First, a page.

Profile

Cover photo
Janelle Frederick
63 followers|8,796 views
AboutPostsPhotosVideos+1's

Stream

Janelle Frederick

Shared publicly  - 
 
#Blessed is the person who always keeps a smile on his face when he hardly has reason to.
1
Add a comment...

Janelle Frederick

Shared publicly  - 
 
The tongue weighs practically nothing but few people can hold it #SoTrue 
1
Add a comment...

Janelle Frederick

Shared publicly  - 
 
It's so sad how people talk bad about you & the only thing they know about you is....YOUR FIRST NAME. #SMH
1
Add a comment...
Have her in circles
63 people
Susiette Adams's profile photo
Kemmy Fox's profile photo
Hättest Du Wohl Gerne's profile photo
elect raloco's profile photo
David Williams's profile photo
Neha Mishra's profile photo
Alpha Mululu's profile photo
christopher morris's profile photo
Flave Williams's profile photo

Janelle Frederick

Shared publicly  - 
 
Check out this video on YouTube:
1
Add a comment...

Janelle Frederick

Shared publicly  - 
how to set-up a VPN connection on an iphone (SuperFreeVPN)
1
Add a comment...

Janelle Frederick

Shared publicly  - 
 
I thank God for he has given me this blessed life, full of love, some tears and endless dreams.
1
Add a comment...

Janelle Frederick

Shared publicly  - 
 
What is right isn't always popular, and what is popular isn't always right. Let your values be your guide.
1
Add a comment...

Janelle Frederick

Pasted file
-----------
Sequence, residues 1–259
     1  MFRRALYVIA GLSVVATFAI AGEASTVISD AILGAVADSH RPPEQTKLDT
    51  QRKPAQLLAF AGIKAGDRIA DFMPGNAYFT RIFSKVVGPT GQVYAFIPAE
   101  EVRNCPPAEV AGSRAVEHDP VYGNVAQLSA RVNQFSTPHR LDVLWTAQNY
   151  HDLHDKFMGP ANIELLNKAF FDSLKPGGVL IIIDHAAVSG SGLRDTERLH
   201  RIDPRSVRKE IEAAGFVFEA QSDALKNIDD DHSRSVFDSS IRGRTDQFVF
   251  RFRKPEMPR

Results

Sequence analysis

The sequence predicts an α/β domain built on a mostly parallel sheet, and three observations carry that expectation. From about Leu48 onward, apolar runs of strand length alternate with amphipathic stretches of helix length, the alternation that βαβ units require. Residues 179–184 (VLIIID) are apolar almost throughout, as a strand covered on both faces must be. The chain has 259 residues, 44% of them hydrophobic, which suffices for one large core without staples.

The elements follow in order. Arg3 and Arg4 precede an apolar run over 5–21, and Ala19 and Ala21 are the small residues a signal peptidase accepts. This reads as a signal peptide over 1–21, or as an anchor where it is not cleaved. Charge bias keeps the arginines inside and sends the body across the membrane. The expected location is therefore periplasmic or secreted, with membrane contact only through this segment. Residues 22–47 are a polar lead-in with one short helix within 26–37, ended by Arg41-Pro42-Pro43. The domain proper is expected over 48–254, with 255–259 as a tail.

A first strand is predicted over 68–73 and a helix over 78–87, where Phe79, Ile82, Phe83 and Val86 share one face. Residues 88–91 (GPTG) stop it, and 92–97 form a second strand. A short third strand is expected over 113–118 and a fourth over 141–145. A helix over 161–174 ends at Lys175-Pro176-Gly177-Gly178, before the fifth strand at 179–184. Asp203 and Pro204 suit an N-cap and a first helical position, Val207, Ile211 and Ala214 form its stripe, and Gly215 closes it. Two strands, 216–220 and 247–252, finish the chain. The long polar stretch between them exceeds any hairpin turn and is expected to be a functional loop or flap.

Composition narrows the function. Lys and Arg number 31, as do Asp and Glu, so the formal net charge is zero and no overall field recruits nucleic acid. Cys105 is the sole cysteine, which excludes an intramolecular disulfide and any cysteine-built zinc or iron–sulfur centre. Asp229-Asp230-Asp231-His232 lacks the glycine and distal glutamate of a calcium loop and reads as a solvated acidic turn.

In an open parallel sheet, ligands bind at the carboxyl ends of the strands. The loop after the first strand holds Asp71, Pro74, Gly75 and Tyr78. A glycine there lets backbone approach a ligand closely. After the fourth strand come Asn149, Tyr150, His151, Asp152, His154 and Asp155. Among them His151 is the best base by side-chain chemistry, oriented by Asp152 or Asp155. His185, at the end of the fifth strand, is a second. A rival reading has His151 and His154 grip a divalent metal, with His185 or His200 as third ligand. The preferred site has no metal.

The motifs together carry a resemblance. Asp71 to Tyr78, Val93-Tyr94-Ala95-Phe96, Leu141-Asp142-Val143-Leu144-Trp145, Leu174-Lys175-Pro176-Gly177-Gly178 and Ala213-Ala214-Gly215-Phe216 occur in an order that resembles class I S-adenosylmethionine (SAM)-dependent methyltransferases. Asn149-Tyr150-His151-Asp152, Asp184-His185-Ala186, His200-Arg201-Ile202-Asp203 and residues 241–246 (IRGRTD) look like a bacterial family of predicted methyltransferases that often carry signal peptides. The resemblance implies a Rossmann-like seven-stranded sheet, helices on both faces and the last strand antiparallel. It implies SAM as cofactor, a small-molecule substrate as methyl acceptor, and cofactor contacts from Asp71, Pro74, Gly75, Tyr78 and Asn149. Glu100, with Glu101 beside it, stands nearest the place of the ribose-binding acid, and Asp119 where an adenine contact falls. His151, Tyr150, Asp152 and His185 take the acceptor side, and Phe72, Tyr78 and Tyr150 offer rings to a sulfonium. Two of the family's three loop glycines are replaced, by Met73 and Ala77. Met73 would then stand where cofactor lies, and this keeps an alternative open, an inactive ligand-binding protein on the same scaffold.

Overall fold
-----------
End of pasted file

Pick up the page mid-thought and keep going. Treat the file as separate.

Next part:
Shared publicly  - 
 
Believe more in what you see and what you feel rather than what they say.
1
Add a comment...

Janelle Frederick

Shared publicly  - 
 
Five Lessons About How To Treat People. -- Author Unknown

1. First Important Lesson - "Know The Cleaning Lady"
 
During my second month of college, our professor gave us a pop quiz. I was a conscientious student and had breezed through the questions, until I read the last one: "What is the first name of the woman who cleans the school?"
 
Surely this was some kind of joke. I had seen the cleaning woman several times. She was tall, dark-haired and in her 50s, but how would I know her name? I handed in my paper, leaving the last question blank. Just before class ended, one student asked if the last question would count toward our quiz grade.
 
"Absolutely," said the professor. "In your careers, you will meet many people. All are significant. They deserve your attention and care, even if all you do is smile and say "hello."
 
I've never forgotten that lesson. I also learned her name was Dorothy.
 
2. Second Important Lesson - "Pickup In The Rain"
 
One night, at 11:30 p.m., an older African American woman was standing on the side of an Alabama highway trying to endure a lashing rainstorm. Her car had broken down and she desperately needed a ride. Soaking wet, she decided to flag down the next car.
 
A young white man stopped to help her, generally unheard of in those conflict-filled 1960s. The man took her to safety, helped her get assistance and put her into a taxicab.
 
She seemed to be in a big hurry, but wrote down his address and thanked him. Seven days went by and a knock came on the man's door. To his surprise, a giant console color TV was delivered to his home.
 
A special note was attached. It read: "Thank you so much for assisting me on the highway the other night. The rain drenched not only my clothes, but also my spirits. Then you came along. Because of you, I was able to make it to my dying husband's bedside just before he passed away. God bless you for helping me and unselfishly serving others."
 
Sincerely, Mrs. Nat King Cole.
 
 
3. Third Important Lesson - "Remember Those Who Serve"